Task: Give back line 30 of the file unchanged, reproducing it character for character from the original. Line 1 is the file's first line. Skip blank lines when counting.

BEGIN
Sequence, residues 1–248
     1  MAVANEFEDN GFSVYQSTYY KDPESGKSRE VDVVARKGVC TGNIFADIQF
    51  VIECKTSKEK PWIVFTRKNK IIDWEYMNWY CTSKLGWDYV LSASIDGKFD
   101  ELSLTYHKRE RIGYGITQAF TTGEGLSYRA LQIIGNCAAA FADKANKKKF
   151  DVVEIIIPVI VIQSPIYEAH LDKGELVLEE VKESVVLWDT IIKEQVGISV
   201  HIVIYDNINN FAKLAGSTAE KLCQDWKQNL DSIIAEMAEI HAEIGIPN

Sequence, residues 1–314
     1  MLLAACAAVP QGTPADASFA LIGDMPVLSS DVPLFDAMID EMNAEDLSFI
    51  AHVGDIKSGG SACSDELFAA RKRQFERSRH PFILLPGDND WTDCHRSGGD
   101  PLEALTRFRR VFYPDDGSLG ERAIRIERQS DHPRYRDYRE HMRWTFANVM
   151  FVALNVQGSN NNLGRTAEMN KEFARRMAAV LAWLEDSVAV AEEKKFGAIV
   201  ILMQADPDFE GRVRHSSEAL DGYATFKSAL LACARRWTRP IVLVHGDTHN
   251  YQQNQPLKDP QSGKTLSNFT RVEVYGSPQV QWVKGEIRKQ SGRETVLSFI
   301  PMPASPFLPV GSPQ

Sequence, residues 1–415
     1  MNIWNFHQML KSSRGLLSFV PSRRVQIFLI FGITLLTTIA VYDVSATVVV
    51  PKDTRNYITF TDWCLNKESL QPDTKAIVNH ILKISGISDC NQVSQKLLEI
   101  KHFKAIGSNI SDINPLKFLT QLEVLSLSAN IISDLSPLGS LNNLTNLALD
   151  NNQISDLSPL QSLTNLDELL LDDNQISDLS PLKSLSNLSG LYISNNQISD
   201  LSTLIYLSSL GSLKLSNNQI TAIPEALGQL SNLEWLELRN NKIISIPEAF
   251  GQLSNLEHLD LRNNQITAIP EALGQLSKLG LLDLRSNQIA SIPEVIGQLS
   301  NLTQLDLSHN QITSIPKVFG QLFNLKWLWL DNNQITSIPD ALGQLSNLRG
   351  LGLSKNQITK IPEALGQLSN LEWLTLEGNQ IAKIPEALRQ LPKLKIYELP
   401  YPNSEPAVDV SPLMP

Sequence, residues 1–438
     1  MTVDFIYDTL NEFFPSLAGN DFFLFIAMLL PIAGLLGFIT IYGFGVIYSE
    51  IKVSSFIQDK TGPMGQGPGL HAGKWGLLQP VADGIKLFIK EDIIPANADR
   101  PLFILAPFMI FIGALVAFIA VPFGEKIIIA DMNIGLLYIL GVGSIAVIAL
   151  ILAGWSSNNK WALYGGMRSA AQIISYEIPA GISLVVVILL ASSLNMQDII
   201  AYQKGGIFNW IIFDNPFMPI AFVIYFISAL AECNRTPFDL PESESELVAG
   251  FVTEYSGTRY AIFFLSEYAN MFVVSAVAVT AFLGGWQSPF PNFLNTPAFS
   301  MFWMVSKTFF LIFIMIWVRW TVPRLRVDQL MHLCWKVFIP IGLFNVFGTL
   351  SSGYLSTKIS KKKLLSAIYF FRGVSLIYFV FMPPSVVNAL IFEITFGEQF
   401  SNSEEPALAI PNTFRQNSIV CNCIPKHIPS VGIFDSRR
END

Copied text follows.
   201  AYQKGGIFNW IIFDNPFMPI AFVIYFISAL AECNRTPFDL PESESELVAG